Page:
Oh dear. The Saint Nick’s Day Fayre is approaching once more (yes, we know Saint Nick’s Day was a while back, but don’t pick holes in the Parish programme please). You might think this is a fun and frolicsome event for the whole family, but you would be wrong. Very wrong.
Not content with trying to poison the congregation by making them fairy cakes, the Vicar is now threatening to embark on a new culinary endeavour and make cookies to sell – yes, sell – to the unsuspecting people of Forton. We all know the Vicar is less than domesticated, and frankly, dear reader, this can only end badly.
Luckily we have found a natty little place on the Internet where it’s possible to enjoy all the fun of the icing without any of the actual getting your paws dirty. In order to recommend this (much safer) course of action to the Vicar, we have embarked on our own little project. Hopefully it will remind her that she is more suited to the Sanctuary than the kitchen. You can view our offering by clicking here.
It’s Christmass Eve, and here at the Vicarage we’re all excited about the coming of Christ tomorrow (and Santa Paws tonight).
But first, back on 17th December, we promised we’d tell you what was so neat about the way the O Antiphons are arranged. Well, those clever Mediaeval bods who put them together clearly had a great deal of prophetic foresight about the arrival of the Blog genre, because they wanted you to get to Christmass Eve and then read the seven titles backwards. If you do, you get this:
The seven first letters spell out two Latin words: Ero Cras, which mean: “I am coming tomorrow.”
Alleluya! Come, Lord, come!
Today’s Antiphon, the last, sums up all six that have gone before it, and the whole meaning of the festival to come: the Christ Child truly is Emmanuel, God with us.
In the person of Jesus Christ, God is with us always and everywhere. Now we look forward to his coming at Christmass.
our King and Lawgiver,
the one whom the peoples await,
and their Saviour:
Come to save us,
O Lord our God.
Today is the penultimate day of the O Antiphons, and the turn of Rex Gentium, King of the Nations. As the days have progressed, the Antiphons have been moving through salvation history. We have seen how the coming of Christ is rooted in Hebrew scripture and tradition, but is good news for all people in all times.
Today is the most explicit of the Antiphons: Christ is for everybody. Following the prophet Haggai, we proclaim Christ as the Desire of Nations. He is able to break down the barriers between people of different ethnicities and backgrounds, and make us one.
O King of the nations,
and their desire,
Cornerstone who makes both one:
Come, and save humanity,
whom you formed from clay.
It’s the fourth Sunday of Advent. Today we light our candle on the Advent Wreath for the Blessed Virgin Mary, and remember how she became a tabernacle for the Lord when she said “yes” to God’s plan at the Annunciation. The celebration of Advent IV is generally considered to be a good thing in the Vicar’s books, but today she’s a little peeved, because it means that her favourite O Antiphon gets somewhat overshadowed. Today is the day we greet Christ as Oriens, the Morning Star. Right at the end of the Hebrew Bible, God declares through the prophet Malachi that “the Sun of Justice” will arise. Christ is the Sun of Justice, who will arise with healing in his wings; he is the bright Morning Star which never sets, shedding light on all creation.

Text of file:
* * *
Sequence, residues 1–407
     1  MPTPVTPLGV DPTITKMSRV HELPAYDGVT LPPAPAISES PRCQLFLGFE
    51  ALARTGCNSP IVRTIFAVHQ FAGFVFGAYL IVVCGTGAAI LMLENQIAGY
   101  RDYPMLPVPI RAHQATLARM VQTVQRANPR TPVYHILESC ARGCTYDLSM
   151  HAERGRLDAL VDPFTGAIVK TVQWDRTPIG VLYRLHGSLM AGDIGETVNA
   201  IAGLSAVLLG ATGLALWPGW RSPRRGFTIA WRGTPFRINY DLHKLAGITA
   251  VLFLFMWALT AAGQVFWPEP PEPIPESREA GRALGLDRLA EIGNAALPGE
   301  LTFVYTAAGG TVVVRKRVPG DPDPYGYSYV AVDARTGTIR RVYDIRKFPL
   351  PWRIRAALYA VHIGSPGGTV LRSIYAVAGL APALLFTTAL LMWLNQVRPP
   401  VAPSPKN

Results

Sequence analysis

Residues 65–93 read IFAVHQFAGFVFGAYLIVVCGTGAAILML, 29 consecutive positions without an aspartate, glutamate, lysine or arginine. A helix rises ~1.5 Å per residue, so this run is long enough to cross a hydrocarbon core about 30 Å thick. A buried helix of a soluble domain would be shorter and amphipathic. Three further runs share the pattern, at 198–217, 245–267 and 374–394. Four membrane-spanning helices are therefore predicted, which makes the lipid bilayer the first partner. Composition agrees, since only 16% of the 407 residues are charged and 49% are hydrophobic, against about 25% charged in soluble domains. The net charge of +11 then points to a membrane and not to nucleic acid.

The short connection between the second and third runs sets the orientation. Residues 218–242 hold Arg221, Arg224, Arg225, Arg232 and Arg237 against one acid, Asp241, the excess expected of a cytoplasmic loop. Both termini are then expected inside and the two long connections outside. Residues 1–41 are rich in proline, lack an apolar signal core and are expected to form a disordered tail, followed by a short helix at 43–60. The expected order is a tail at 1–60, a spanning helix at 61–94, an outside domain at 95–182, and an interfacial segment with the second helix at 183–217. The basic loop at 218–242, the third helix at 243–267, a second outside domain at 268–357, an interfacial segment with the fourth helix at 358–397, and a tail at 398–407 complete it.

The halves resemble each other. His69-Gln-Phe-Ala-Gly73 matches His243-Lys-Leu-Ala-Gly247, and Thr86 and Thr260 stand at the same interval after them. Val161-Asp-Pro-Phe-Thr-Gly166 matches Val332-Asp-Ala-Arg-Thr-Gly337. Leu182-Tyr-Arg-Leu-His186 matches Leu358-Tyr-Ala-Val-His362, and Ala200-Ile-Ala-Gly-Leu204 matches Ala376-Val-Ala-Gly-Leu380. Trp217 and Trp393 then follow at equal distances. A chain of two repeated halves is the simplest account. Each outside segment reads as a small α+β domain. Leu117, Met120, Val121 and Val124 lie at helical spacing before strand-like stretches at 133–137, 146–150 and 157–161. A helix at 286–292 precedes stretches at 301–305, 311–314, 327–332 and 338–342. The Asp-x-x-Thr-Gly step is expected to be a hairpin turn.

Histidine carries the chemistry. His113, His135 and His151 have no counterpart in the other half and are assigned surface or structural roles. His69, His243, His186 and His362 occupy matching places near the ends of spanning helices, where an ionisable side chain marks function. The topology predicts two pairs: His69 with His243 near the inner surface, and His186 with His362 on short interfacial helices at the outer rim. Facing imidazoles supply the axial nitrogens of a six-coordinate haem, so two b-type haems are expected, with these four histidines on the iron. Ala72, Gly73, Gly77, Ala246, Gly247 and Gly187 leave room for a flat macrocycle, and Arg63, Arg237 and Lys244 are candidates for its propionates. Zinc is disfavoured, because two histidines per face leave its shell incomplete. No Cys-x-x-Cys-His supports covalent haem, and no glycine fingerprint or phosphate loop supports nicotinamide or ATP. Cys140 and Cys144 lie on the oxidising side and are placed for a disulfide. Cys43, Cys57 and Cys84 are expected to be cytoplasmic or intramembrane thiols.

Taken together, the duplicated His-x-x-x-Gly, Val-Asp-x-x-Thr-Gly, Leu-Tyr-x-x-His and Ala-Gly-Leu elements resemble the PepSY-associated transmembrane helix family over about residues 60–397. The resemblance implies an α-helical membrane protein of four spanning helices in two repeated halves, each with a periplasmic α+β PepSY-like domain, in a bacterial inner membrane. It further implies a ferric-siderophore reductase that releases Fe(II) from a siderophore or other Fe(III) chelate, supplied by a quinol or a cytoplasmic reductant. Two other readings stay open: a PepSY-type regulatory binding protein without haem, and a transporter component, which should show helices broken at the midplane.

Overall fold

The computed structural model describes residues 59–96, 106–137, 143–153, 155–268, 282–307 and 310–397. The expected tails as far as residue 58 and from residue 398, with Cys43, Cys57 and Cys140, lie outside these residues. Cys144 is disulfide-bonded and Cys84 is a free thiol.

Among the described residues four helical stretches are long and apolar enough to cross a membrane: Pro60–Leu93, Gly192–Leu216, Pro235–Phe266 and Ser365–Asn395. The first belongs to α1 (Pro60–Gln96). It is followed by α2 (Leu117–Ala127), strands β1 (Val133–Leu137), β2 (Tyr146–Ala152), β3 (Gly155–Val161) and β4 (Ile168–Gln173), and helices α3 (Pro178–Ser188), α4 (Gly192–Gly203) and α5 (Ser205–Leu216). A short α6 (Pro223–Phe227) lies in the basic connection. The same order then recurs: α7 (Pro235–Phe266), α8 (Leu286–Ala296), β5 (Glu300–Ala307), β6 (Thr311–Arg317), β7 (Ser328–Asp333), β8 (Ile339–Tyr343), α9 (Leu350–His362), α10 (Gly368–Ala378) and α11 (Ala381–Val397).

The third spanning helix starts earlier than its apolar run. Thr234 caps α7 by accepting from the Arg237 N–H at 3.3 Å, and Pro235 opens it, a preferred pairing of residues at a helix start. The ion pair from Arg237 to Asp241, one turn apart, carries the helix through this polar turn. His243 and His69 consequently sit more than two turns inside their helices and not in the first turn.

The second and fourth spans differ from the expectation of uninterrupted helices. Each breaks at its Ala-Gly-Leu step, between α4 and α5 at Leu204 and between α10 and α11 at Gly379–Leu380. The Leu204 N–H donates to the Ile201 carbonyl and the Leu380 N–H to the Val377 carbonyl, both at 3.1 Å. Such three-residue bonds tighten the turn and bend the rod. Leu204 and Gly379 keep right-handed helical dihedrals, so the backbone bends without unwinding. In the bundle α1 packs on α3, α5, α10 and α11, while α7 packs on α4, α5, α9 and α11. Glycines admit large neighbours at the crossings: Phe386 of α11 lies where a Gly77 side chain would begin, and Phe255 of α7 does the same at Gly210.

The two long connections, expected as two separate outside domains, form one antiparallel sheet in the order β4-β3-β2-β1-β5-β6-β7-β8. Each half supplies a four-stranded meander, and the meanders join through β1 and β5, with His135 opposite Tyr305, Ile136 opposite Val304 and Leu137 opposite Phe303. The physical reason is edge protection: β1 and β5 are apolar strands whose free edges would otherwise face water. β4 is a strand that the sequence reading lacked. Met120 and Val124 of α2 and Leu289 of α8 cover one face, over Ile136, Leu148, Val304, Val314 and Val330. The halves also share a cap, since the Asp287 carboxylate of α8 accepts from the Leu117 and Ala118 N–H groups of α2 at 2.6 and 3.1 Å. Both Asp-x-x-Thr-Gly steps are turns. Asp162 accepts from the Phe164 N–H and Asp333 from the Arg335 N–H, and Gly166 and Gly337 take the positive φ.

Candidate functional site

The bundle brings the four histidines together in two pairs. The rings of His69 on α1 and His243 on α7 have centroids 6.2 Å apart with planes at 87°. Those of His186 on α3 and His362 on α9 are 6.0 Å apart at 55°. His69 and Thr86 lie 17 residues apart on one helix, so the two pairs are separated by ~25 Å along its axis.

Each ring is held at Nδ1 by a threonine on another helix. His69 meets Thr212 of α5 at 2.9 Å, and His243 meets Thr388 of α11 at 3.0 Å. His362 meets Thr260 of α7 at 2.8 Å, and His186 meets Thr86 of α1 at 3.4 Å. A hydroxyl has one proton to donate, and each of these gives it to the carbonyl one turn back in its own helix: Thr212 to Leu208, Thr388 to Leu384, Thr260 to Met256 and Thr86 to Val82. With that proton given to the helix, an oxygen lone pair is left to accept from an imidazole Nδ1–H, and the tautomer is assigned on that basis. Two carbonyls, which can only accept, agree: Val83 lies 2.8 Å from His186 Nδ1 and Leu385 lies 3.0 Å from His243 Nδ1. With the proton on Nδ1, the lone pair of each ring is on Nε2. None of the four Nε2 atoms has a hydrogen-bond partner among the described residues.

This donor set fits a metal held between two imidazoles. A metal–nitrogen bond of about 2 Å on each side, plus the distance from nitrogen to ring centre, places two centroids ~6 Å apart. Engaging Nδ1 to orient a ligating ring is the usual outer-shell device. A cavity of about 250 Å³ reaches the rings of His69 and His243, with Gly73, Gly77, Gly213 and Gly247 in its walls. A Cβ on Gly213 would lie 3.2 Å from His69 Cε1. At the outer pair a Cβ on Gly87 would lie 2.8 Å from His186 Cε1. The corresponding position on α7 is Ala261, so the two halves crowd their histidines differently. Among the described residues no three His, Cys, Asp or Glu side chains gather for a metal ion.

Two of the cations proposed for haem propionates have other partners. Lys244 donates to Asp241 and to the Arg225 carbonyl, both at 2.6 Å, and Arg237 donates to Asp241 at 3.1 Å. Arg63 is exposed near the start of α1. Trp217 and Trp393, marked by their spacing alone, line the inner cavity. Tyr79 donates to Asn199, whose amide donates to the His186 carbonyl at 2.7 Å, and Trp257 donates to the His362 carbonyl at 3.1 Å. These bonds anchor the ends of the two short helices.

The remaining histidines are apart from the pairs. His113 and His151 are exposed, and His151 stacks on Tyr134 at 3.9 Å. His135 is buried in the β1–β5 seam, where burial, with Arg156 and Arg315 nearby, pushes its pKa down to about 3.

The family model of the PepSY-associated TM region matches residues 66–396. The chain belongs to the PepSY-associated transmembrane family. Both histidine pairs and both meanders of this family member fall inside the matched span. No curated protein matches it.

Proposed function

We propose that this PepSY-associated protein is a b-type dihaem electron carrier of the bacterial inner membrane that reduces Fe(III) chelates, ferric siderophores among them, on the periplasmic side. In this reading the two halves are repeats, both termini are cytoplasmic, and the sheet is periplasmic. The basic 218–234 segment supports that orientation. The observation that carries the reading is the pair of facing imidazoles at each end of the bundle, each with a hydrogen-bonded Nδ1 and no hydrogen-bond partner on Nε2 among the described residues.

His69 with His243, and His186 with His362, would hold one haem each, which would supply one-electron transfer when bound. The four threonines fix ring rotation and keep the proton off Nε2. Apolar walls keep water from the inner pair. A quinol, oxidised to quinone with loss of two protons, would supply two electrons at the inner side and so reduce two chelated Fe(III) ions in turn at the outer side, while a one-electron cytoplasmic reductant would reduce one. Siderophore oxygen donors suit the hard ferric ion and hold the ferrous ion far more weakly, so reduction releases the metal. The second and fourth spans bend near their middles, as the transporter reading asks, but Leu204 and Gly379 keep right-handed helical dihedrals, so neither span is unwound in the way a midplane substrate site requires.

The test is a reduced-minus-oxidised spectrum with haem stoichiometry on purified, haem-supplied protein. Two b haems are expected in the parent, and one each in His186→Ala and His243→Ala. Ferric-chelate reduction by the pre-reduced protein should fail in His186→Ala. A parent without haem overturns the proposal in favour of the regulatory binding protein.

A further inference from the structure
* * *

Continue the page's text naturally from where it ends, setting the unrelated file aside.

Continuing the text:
O Morning Star,
Splendour of Light everlasting,
and the Sun of Justice:
Come, and enlighten
those who sit in darkness and the shadow of death.
Today we hail Christ as the Key of David. It sounds like a bit of a funny idea to us, but the Key in the Hebrew Bible was a symbol of royal authority, a bit like the sceptre. In Isaiah 22, the Key is taken from a faithless steward and given to a loyal one; some scholars believe it might have been a real ceremonial object. In the Book of Revelation, Christ claims the Key of David for himself.
Keys are signs of authority and responsibility; new Parish Priests receives the Church key as part of their institution ceremony, and all priests by virtue of Apostolic Succession from Saint Peter have the “power of the keys,” the sacramental ministry of absolution (Matthew 16:19).
This Antiphon reminds us that Christ has the power to liberate all people. It’s true both literally, in the case of people and communities living under occupation or oppression, and symbolically, in terms of our captivity to sin. Today we ask Christ to release us from everything that holds us prisoner, and bring us into the freedom of his light.
O Key of David,
and Sceptre of the House of Israel,
who opens, and no-one shuts;
shuts, and no-one opens:
Come, and lead the prisoner out of the prison-house,
who sits in darkness and the shadow of death.
The Antiphon for today addresses Christ as the Radix or Root of Jesse. Jesse was the father of King David, and it was on David’s royal line that the hopes of Israel were based in the Old Testament. The restoration of the Davidic Kingship came to be a byword for the ushering in of a golden age. So Isaiah can write:
“There shall come forth a shoot from the stump of Jesse … And the Spirit of the Lord shall rest upon him.” (Isaiah 11:1-2)
The Antiphon identifies Christ as the Messiah, the hope of the Hebrew people, who will come to rule the earth with justice and peace. But it also reminds us that Christ shall stand as a sign to the gentes, the non-Hebrew peoples of the world. So Christ, the true Vine, is rooted in Israel and spreads his branches out to every person on earth, of every ethnicity and background. Good news for all people indeed.
O Root of Jesse,
who stands as a sign for the people,
at whom kings shall shut their mouths,
to whom the Gentiles plead:
Come to liberate us, and do not delay.